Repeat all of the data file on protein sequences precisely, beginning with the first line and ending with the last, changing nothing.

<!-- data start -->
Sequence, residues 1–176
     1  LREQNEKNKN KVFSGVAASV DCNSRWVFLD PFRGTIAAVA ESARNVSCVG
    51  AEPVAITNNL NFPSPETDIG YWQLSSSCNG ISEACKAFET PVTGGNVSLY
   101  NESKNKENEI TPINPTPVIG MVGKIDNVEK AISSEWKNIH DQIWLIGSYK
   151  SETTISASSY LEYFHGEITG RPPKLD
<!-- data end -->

Sequence, residues 1–176
     1  LREQNEKNKN KVFSGVAASV DCNSRWVFLD PFRGTIAAVA ESARNVSCVG
    51  AEPVAITNNL NFPSPETDIG YWQLSSSCNG ISEACKAFET PVTGGNVSLY
   101  NESKNKENEI TPINPTPVIG MVGKIDNVEK AISSEWKNIH DQIWLIGSYK
   151  SETTISASSY LEYFHGEITG RPPKLD